Tori--Got Enough Guilt To Start My Own Religion

Here’s an update. My aunt (Aunt #2) was in the hospital for two nights. She had an endoscopy and a colonoscopy done. It couldn’t have been fun, but both came up clean, which is a good sign. Also, as bizarre as it may sound, Aunt #2 and I didn’t have that bad of a time at the hospital. It was kind of a teenage sleepover, with both of us talking on and on about different things deep into the night.

After the tests, my aunt (and I) were able to return home to await her surgery, which will be on 11/13. That’s when the doctor will be able to determine the stage of the cancer, and also her endometrium, ovaries, and nearby lymph nodes will be removed. After a week or so, as long as there are no complications (knock on wood), she will be able to go home, but the doctor told us she’d likely have to go through chemotherapy treatments.

Obviously, it’s a lot to take in, but my aunt has been holding up pretty well, considering. Much of that clearly has to do with her Catholic faith. Personally, I’m not keen on religion myself. I do believe in a God, but I also believe that religion was made by people, not God, which inevitably leads to problems as people are highly fallible (i.e. full of crap a lot of times).

Still, I have faith in prayer, so tonight, I went with Aunts #2 and #3 to attend Catholic Mass service. It was my first time in a church of any denomination in a long, long while (I’d say about 3 years). I was actually brought up Christian, but I grew disillusioned pretty quick when I went to church camp and found that the kids who’d pray and cry because they were so full of God were the same ones who’d start fights, steal people’s underwear to throw them around the camp grounds, and smear toothpaste on fellow campers’ faces as they were sleeping. I really, really hated church camp.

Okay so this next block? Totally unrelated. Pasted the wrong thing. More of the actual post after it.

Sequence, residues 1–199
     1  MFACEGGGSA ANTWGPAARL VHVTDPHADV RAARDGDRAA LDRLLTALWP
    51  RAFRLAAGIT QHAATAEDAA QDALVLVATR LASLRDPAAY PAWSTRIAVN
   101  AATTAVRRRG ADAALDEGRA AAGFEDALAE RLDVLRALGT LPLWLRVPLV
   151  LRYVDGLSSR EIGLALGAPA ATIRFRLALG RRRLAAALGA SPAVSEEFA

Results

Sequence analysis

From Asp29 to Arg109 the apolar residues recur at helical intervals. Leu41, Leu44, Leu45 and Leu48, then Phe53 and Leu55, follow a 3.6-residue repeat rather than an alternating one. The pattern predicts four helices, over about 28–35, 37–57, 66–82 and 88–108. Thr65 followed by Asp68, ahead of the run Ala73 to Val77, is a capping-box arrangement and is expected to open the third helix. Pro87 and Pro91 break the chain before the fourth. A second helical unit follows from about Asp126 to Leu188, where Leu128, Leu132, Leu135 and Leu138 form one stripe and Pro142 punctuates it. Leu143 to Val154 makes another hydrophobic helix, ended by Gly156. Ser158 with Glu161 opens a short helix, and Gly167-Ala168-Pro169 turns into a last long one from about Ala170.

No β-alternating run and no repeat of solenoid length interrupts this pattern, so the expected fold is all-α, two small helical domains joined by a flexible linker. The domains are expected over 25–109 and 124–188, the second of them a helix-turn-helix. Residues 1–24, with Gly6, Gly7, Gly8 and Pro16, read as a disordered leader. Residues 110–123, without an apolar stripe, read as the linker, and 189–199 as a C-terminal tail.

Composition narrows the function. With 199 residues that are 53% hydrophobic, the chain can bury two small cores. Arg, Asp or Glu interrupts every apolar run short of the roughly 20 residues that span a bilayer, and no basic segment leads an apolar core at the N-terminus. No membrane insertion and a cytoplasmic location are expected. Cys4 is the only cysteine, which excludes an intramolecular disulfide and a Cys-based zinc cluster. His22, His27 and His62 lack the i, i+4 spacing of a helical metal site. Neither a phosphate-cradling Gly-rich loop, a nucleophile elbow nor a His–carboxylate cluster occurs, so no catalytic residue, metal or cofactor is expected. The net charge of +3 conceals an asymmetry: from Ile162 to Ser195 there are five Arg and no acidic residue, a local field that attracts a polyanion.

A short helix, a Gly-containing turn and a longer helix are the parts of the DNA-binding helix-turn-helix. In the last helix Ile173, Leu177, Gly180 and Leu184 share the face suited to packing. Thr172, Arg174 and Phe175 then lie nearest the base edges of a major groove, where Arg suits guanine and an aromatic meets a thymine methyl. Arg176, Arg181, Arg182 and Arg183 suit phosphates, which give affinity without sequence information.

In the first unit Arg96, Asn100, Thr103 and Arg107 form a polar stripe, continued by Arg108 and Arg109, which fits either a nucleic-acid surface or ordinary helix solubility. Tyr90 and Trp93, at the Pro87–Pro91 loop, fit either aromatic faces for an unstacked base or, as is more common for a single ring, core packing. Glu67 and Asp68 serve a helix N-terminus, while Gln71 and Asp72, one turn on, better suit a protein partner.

Anyhow, tonight’s service wasn’t too bad, although it was interesting to note the differences between a Catholic service and a Christian service. Here are my top five:

1) The women wear lace doilies on their heads. Why? I have no clue. It did strike me as rather sexist that only women had to wear them, but to be fair, my aunts didn’t seem to mind.

2) Christian ministers usually wear a suit and a tie. The Catholic priest had a cool white and green robe with a funky gold design on his chest. I don’t know what happened in the Holy War, but the Catholics have it over the Christians in the war of fashion.

3) Catholics are smarter. They MUST be, because they’ve got all kinds of chants and prayers memorized. The priest says a line, the congregation answers with a line of their own without reading off of anything. Christians only recite the Lord’s Prayer from memory, if that.

4) Catholic priests seemingly have back-up dancers, i.e. the altar boys. I kept expecting them to break out in a choreographed routine a la the Backstreen Boys.

5) Catholics are really big on Jesus’s mom, Mary. As far as I can tell, this is the big ideological difference Catholicism and Christianity. So many of tonight’s prayers made references to “our mother Mary,” and there are statues of her both inside and outside the church. I actually asked my aunt if Catholics considered Mary to be a God(dess), and she said “No,” but she was pretty much the first Christian; she’s a great role model to follow; and she’s like a guide who helps people onto the road to God. So it didn’t seem like that big of a distinction, which left me totally confused on why all those Catholic meanies were trying to kill off Cate Blanchett (i.e. Elizabeth in the movie) for being Protestant.

All in all, I felt good for having attended the service, but on the way home, I found myself humming Madonna’s “Like a Prayer” and Tori Amos’ “Crucify,” neither of which are likely to be on the Pope’s Mp3 playlist. Oh, well. His loss, I say.

Crucify – Tori Amos

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